Difference Between Polyester, Acrylic, and Epoxy Resins

Q: Is there a difference between polyester, acrylic, and epoxy resins?

A: Acrylic resin (but not acrylic emulsion, which is the basis of acrylic paint) is a thermoplastic, which means it is one of a group of plastics which can be heated and manipulated repeatedly, whereas polyester resin and epoxy are thermosetting plastics, which use heat or a catalyst to solidify into a solid mass that won’t melt down. Acrylic is mixed from acrylic polymer, a dry powder, a methyl methacrylate monomer, a thin liquid, and usually an organic peroxide hardener of some sort. If pieces of any size are contemplated, an autoclave or hydraulic press is necessary for reducing air-bubbles and counteracting the internal stresses created by the strongly exothermic reaction. The dust is toxic, as is the monomer and its vapors. And the organic peroxides are especially poisonous, some of them being explosive and others causing instant blindness if they get in ones eyes.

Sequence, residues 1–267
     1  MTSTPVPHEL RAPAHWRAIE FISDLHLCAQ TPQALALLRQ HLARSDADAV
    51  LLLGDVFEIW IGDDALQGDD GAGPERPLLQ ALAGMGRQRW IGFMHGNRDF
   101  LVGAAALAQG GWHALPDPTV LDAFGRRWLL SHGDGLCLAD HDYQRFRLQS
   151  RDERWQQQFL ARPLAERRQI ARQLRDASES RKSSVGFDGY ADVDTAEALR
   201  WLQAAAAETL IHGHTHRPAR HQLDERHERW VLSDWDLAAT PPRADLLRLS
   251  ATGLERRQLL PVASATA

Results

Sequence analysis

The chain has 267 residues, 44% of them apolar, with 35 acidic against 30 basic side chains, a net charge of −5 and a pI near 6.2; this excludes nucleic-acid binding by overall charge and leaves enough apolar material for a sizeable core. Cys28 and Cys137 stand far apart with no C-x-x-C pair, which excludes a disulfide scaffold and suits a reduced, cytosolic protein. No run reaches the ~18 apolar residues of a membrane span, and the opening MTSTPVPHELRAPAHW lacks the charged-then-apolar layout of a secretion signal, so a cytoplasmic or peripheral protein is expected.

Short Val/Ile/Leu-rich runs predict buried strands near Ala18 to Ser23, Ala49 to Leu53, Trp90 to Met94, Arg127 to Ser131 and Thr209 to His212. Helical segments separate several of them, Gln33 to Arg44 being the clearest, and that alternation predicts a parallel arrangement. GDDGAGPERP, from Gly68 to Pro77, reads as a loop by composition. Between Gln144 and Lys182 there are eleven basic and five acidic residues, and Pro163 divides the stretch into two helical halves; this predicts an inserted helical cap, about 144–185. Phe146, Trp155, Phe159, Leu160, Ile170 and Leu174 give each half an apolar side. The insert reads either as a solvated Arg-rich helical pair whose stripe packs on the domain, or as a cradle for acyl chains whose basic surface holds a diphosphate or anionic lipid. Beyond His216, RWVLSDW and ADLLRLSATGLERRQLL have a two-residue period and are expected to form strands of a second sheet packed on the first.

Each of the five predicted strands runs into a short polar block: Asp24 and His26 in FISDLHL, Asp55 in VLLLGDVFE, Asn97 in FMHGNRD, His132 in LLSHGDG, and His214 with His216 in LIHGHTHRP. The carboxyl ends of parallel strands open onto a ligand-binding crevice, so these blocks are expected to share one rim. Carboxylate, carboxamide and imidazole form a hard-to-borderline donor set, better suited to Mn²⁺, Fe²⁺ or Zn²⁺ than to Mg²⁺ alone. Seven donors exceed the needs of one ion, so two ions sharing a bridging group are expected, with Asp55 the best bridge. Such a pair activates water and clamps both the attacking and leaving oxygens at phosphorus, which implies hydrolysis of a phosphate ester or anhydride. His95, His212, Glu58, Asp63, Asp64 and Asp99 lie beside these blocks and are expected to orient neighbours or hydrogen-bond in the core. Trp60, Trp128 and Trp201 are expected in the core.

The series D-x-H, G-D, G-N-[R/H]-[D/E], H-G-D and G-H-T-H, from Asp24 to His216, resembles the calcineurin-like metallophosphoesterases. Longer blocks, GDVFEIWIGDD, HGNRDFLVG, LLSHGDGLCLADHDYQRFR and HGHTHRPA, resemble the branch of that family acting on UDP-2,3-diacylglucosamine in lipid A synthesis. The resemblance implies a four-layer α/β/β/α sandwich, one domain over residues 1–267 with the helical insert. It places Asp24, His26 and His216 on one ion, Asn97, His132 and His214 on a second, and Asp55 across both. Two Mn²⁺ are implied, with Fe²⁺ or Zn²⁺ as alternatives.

Polyester resin, a syrupy clear liquid, is mixed with a small but variable amount of a strong catalyst, which causes the curing mass to heat up (and to craze if you’ve added too much.) It is versatile stuff, being useful for coating, casting, and building up composites, usually in conjunction with fiberglass cloth. It is not as hard or as clear as acrylic, having a somewhat yellowish tinge to it. And it—and especially the catalyst—is also highly toxic, and is persistently evil-smelling as well.

Epoxy resin works similarly, doesn’t smell as bad, but it—and the hardener that makes it set—is a sensitizer, meaning that you can get a nasty allergic reaction after repeated exposure. Some hardeners are not as bad as others in this respect. Epoxy won’t set water-clear like acrylic, and doesn’t resist sunlight (UV) degradation as well, but works better with high-tech cloths, like Kevlar and graphite.

Almost any dry pigment (with a few exceptions—test first on a small scale) can be used to color these resins, as well as various inert fillers which also add color; there are also special polyester dyes available. It can be made opaque or transparent—acrylic is used for casting “plexiglas” sheets, among other clear things. Be very careful when using any of these materials: these are generally considered industrial rather than art supplies, and you are expected to know how to protect yourself from their harmful effects. If you don’t have the proper facilities for dealing with them, consider using safer alternative systems.

by Andrew Werby